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Art market: FM collectors, galleries making long-term investments in local culture

Terry Adams points out a piece of art from the expansive collection in the Fargo home he shares with Naomi Nakamoto. The couple have been collecting art for nearly 30 years and see their collection as a way to promote the work of friends and invest in the community. Kris Kerzman / The Arts Partnership1 / 2
Local art collectors Terry Adams, Naomi Nakamoto, and their dog, Mochi, are pictured in front of the many works of art in the living room of their Fargo home. Kris Kerzman / The Arts Partnership 2 / 2

FARGO - We’re about halfway through a tour of Terry Adams’ and Naomi Nakamoto’s expansive collection of art and artifacts, which includes hundreds of rock and fossil samples.

I ask a question about Adams’ interest in the Japanese concept of suiseki, the appreciation of natural stones, and he leaves the room to get an example.

Nakamoto laughs, acknowledging that our interview about local art collecting has veered slightly off course.

“You have to be careful expressing an interest in anything around here,” she says, and we both laugh.

As the economy of Fargo-Moorhead grows, so does the interest in art as a middle-to-high-end commodity. This increased interest is signaled by recent expansions of many downtown Fargo art purveyors, including Uptown Gallery, ecce gallery, Boerth’s Gallery, the Spirit Room and Gallery 4.

But this is a far cry from the national and global art markets – wildly volatile and unregulated investment options for the wealthiest of the wealthy –and it’s much more nuanced than basic retail, going beyond the simple buying and selling of objects and delving into areas of cultural preservation and development.

In the case of Adams and Nakamoto, who have been collecting art for about 30 years and whose collection crowds every free space on the walls of their home, it’s a point of intense passion and interest. The couple says they love to surround themselves with art, using it as a vehicle for their curiosity and as a way support the people, many of whom are friends, who create it.

“You just end up acquiring things by getting to know people,” Nakamoto says, touching on an intriguing dynamic between economic forces and human relationships.

Commodity, community

“I never dreamed I’d be able to make a part-time living making art,” says Suzanne Moser, vice president of Gallery 4 in downtown Fargo’s Black Building. She’s working at the gallery front desk as part of the gallery’s co-op model in which each represented artist must work at least three days a month to keep the doors open.

The painter, who comes from a retail background, has been with the gallery for about two years. As a longtime Fargo resident, she’s seen downtown at its worst and sees the influx of buyers from out of town as sign of its return to health.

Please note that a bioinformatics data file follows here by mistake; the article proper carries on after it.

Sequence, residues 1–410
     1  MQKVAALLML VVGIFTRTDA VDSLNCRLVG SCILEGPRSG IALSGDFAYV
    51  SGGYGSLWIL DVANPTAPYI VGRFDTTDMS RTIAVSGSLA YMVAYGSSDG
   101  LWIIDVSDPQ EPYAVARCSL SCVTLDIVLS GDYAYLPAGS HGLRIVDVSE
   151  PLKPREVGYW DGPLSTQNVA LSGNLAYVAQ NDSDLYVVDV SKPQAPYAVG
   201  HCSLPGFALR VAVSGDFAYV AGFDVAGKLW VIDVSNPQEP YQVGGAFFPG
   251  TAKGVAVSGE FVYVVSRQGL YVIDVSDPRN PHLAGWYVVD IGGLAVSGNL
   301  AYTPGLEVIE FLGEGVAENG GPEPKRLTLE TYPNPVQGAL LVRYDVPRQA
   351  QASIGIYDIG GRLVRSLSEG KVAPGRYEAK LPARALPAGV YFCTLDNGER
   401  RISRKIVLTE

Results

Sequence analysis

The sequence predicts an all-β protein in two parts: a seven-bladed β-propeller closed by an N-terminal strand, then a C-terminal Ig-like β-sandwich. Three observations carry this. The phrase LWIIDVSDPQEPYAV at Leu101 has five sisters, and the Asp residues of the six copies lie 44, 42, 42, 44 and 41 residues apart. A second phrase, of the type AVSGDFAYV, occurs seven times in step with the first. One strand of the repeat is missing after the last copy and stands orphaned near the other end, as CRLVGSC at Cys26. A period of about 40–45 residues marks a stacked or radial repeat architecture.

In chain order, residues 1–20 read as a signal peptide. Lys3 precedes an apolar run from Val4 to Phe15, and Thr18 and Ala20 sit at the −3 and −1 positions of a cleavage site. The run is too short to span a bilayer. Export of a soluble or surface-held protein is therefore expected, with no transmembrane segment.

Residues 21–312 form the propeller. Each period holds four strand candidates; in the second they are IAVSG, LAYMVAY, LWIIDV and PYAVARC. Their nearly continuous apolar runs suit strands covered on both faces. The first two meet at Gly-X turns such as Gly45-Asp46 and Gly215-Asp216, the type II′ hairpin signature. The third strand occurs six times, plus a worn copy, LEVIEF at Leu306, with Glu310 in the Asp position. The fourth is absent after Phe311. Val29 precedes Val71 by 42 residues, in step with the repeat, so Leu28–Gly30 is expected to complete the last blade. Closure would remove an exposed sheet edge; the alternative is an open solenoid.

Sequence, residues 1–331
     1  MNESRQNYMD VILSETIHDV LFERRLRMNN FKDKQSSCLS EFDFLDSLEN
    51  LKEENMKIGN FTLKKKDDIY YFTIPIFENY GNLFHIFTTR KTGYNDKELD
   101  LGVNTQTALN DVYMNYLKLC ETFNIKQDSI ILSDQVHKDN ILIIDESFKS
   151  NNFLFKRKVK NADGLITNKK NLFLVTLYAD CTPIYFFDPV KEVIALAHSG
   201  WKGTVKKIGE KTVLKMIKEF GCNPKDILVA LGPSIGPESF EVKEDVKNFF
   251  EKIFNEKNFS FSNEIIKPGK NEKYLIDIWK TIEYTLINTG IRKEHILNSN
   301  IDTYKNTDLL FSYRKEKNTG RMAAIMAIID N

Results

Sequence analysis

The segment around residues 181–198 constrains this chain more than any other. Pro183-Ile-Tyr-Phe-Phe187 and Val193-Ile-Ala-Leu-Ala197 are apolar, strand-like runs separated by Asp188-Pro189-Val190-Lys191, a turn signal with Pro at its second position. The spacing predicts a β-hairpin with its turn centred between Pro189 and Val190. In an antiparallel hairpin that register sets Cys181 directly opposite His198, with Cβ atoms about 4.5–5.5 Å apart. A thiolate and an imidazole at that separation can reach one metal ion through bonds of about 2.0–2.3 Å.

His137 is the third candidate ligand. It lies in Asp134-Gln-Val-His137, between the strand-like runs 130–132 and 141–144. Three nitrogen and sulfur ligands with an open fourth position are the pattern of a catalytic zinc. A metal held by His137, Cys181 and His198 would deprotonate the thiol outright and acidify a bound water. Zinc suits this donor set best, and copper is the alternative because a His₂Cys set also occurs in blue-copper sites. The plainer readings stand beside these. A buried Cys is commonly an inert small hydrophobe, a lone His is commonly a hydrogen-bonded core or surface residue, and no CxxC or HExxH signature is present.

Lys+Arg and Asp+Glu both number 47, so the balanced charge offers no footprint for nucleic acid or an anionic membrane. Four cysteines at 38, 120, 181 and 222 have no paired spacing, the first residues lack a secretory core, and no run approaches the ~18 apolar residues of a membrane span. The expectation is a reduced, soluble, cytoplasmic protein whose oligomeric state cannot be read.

“Right now, I would say about 80 percent (of our visitors) are from out of town,” she says. “Yesterday, I had a couple come in (from Kentucky) who had been to every state but North Dakota. They said ‘Let’s go see what the scoop is on Fargo,’ showed up here, and made their way up and down the street eating and looking at art.”

Sales are steady enough to keep the space open, and comfortably so, Moser says, but that isn’t the only positive she’s seeing. She says artists, like herself, and professionals, especially younger ones, are beginning to linger more around the gallery. They may not be buying art quite yet, but she says their presence brings a lot of energy.

Part of that energy includes repeated interactions that build a line of trust running from the artist to the gallery to the buyer. That’s a vital part of the equation for Steve Revland and Uptown Gallery. Revland works closely with corporate buyers who value his input and three decades’ worth of gallery experience.

But it isn’t all dollar signs for Revland, who says there’s a relationship between what he does and the greater goal of providing access to art across the community, praising venues like the Plains Art Museum that display art for cultural and aesthetic reasons, not commercial ones.

“To me, you have to continue to nurture young people, when their brains are full of mush, because you’re just a more well-rounded individual when music and art are part of your life,” he says.

New cultural horizons

The greater goal of a well-rounded population buying and appreciating visual art is also part of Mark Weiler’s approach. The ecce gallery owner says he likes to work with families who will build an ongoing collection that acts as a sort of cultural trust, one that could be handed over to a museum at some point in the future.

Beyond installing work in people’s homes, Weiler says his work as a gallerist has also come to involve the installation of art as an idea, taking on a sort of ambassadorship to the business sector (particularly Fargo’s burgeoning startup culture) and promoting the health of a community with a strong arts presence.

“I want to instill the idea that art spaces are important and art and culture are necessary in a downtown, that it can transform a downtown. That idea isn’t translated unless there’s a gallery culture. Once that appreciation is there and that support system for artists is there, it will enable the city to benefit,” Weiler says.

Weiler adds that anyone curious about beginning an art collection doesn’t need to have a lot of money, and anyone curious about art to know that they can start small.

The key to getting into collecting, Weiler says, is to focus on something more important than an object’s monetary value, namely the way it invites us to look at it, think critically about it, and enjoy it.

The effects from that simple act can reverberate through generations.